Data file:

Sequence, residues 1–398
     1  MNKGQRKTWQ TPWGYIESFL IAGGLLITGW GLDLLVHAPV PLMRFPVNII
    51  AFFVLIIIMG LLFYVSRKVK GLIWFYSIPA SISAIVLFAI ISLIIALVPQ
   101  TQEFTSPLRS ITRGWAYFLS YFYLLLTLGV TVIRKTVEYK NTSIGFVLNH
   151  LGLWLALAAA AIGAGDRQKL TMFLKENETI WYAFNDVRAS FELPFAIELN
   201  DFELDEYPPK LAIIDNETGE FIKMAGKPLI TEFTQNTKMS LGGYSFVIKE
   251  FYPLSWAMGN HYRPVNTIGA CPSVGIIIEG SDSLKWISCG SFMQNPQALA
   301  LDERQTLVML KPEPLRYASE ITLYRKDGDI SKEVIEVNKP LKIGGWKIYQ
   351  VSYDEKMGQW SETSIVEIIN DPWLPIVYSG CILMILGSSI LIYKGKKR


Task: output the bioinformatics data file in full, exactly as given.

Sequence, residues 1–398
     1  MNKGQRKTWQ TPWGYIESFL IAGGLLITGW GLDLLVHAPV PLMRFPVNII
    51  AFFVLIIIMG LLFYVSRKVK GLIWFYSIPA SISAIVLFAI ISLIIALVPQ
   101  TQEFTSPLRS ITRGWAYFLS YFYLLLTLGV TVIRKTVEYK NTSIGFVLNH
   151  LGLWLALAAA AIGAGDRQKL TMFLKENETI WYAFNDVRAS FELPFAIELN
   201  DFELDEYPPK LAIIDNETGE FIKMAGKPLI TEFTQNTKMS LGGYSFVIKE
   251  FYPLSWAMGN HYRPVNTIGA CPSVGIIIEG SDSLKWISCG SFMQNPQALA
   301  LDERQTLVML KPEPLRYASE ITLYRKDGDI SKEVIEVNKP LKIGGWKIYQ
   351  VSYDEKMGQW SETSIVEIIN DPWLPIVYSG CILMILGSSI LIYKGKKR